I confess, I used to be puck bunny.
A puck bunny (also known as a hockey bunny) is a female fan who watches hockey for the players.

You’d know them if you’ve been to a hockey game. They’re the ones with big signs claiming their love for a player, squealing the player’s names in hope they’d look their way.

The extreme bunnies are the girls every single player loves. These bunnies don’t mind “putting out” to their favourite player.

Now, I wasn’t an extreme, over the top like the bunnies I’ve just described.

I was a more closeted one.

I’d watch games and interviews hoping to catch “my” player (who happened to be Todd Bertuzzi).

I started out as Bertuzzi’s fan during the cup run in 2003, when the Vancouver Canucks faced the Minnesota Wilds. I was riveted by this huge, good looking man, who zipped back and forth with a scowl on his face.

He’d hit, he’d score. He could pick up players snarl at them, then toss them aside.

Bertuzzi would also grab his teammates into bear hugs and grin whenever he or his teammates had scored. I couldn’t care less about watching what happened on the ice. I just wanted to watchTodd Bertuzzi.

The next season, I entered a contest during high school and was picked from the draw to attend a game. From there, my love of hockey as a sport, really began and expanded beyond Bertuzzi-gazing. I picked up the essence of the game and to understand the rules. I graduated from a puck bunny to an actual hockey fan.

In fact, my love for hockey grew so much that during the last year of high school, I took up the sport. Our high school had a girl’s team.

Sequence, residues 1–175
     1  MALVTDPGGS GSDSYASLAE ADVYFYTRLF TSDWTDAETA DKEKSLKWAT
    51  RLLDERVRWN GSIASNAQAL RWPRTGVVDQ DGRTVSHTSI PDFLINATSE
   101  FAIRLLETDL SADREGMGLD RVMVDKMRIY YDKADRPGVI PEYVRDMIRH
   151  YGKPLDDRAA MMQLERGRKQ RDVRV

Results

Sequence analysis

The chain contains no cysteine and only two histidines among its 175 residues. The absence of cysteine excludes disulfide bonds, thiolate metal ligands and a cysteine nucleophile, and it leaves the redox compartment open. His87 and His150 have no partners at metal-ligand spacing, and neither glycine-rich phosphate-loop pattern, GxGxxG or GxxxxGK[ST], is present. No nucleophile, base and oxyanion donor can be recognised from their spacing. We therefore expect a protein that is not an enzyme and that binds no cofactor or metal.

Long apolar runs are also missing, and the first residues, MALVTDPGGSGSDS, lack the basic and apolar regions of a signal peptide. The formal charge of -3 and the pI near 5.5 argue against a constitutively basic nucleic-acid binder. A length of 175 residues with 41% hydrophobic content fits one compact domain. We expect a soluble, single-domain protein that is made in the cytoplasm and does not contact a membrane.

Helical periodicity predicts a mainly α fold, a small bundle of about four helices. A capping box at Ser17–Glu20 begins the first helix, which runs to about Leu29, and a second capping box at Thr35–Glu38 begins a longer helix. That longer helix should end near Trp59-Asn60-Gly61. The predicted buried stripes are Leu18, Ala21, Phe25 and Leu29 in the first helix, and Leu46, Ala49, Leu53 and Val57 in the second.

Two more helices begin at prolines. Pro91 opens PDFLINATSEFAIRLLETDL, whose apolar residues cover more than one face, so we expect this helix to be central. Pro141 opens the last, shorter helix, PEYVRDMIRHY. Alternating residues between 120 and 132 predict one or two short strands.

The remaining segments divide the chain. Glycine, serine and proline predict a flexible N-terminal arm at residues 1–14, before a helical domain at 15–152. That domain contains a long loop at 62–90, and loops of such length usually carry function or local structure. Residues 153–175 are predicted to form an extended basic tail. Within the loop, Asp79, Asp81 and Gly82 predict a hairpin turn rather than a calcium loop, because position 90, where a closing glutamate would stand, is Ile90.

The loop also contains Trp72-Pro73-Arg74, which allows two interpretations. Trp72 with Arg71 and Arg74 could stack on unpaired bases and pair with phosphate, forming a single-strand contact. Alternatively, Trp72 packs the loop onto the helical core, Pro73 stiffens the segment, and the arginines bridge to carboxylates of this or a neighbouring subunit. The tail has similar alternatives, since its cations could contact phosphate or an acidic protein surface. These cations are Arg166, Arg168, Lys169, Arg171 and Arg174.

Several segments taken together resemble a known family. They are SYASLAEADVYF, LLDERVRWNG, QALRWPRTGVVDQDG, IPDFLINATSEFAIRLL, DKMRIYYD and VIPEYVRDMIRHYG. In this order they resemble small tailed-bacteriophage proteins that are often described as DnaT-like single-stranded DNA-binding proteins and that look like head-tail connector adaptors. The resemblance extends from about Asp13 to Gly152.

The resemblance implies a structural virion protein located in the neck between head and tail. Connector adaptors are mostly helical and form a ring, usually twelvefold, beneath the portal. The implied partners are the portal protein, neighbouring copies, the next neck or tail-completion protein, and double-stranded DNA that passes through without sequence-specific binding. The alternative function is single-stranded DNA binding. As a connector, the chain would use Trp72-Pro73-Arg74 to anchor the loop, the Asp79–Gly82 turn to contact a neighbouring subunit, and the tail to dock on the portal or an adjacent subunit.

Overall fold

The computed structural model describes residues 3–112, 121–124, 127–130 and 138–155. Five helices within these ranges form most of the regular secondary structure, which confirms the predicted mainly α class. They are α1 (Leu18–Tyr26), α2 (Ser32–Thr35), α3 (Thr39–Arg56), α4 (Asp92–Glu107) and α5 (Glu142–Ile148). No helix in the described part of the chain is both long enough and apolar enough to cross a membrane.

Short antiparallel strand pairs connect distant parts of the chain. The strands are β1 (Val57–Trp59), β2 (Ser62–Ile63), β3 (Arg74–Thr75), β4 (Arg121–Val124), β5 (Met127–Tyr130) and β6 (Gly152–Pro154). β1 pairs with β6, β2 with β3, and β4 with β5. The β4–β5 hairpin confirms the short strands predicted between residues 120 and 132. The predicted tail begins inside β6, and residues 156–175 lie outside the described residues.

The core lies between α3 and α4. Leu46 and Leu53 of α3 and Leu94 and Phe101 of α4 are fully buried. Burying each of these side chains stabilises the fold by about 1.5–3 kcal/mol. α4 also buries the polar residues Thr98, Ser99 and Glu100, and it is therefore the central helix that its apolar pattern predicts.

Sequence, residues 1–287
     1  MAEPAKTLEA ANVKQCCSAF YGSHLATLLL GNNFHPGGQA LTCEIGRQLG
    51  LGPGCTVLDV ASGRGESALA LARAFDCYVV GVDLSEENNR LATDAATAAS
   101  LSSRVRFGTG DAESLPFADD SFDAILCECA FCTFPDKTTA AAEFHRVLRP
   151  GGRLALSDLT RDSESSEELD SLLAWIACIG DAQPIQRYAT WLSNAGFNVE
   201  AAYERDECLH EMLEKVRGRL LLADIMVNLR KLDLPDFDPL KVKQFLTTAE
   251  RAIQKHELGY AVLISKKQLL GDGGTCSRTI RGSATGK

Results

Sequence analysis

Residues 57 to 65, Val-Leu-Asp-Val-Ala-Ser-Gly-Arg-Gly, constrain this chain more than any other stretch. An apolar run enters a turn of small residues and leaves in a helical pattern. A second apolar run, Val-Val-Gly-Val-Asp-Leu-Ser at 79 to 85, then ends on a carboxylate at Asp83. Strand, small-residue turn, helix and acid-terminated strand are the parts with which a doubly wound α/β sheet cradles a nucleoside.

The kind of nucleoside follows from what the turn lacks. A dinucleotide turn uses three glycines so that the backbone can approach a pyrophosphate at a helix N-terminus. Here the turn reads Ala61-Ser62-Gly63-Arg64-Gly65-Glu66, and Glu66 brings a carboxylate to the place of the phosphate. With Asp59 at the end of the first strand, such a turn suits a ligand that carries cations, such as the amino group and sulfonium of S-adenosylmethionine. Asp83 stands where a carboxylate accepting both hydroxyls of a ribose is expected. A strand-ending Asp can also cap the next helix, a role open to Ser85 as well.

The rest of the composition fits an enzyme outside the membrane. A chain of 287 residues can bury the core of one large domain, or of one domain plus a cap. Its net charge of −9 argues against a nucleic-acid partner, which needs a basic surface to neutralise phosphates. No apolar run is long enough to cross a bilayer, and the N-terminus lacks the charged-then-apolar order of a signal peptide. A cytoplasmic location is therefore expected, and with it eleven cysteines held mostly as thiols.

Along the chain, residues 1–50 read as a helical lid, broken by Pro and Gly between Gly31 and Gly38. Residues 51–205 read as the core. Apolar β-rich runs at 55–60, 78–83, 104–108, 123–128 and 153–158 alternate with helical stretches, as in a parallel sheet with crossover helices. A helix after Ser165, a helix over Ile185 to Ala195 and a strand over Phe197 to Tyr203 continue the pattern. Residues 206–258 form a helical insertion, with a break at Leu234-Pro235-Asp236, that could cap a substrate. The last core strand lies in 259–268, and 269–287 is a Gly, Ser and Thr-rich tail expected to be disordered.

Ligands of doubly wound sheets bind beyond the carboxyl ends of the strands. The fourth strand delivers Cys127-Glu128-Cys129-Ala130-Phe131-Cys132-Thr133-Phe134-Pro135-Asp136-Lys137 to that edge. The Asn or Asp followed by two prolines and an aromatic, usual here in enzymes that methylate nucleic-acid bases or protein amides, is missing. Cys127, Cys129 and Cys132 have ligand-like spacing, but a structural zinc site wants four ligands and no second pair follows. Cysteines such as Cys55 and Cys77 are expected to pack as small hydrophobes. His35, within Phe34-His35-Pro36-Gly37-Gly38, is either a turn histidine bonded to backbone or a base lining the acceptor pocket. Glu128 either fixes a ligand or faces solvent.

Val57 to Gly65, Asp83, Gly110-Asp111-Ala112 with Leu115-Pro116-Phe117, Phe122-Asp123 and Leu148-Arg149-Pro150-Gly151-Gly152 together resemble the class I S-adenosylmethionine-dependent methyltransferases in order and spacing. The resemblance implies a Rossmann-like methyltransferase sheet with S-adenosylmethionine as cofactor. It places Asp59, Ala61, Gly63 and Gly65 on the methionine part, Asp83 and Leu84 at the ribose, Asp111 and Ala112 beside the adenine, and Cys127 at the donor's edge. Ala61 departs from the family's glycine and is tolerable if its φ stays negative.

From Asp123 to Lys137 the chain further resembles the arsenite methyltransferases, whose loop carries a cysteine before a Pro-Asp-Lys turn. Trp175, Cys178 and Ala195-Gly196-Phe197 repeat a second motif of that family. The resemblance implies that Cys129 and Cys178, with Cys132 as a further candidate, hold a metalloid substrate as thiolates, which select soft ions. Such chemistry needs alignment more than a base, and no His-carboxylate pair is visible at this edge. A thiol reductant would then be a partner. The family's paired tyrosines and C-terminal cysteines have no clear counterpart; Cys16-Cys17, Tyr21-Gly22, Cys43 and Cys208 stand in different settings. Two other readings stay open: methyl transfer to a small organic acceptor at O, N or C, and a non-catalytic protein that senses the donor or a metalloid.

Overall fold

The boy’s team had been too violent and uncontrollable to continue with. My friends and I joined the girls.

I was a horrible skater. I would fall every few feet and the only way I could stop was either running into the boards or into a player.

But joining the team was one of the best things I did in high school. I still play hockey to this day, although I gave up playing on the ice and switched to playing indoors, without any skates.

Meet any true female fan and she’d venomously tell you that she “despises puck bunnies and hope they all go to hell.” I’ve seen a few and watching a puck bunny meet a female hockey fan isn’t pretty.

Take my friend, Kimberly, for instance. We were recently at the Canucks SuperSkills and when she heard a few fans screaming, “We looooooooooove you [Alex] Burrow,” she went nuts.

“Stupid bunnies! I hope they die. Arg,” she ranted to me. Given the chance, I’m sure she would have run down to where they were and throttled them.

I laughed; I recalled my days watching Bertuzzi, as if he were the only player out on the ice. Then my vision began to expand. I began to love hockey, just for the sport of it.

Now, don’t get me wrong. I’m like every heterosexual female out there: I can’t help but find some of the hockey players extremely attractive.

But I’ve learned to love the sport for the sport itself.

Like Kimberly likes to say, “The good looking players are the added bonus.”

Listening to the bunnies cheer, I thought, "they’re here and that’s the first step."

There are many ways to learn to love hockey.

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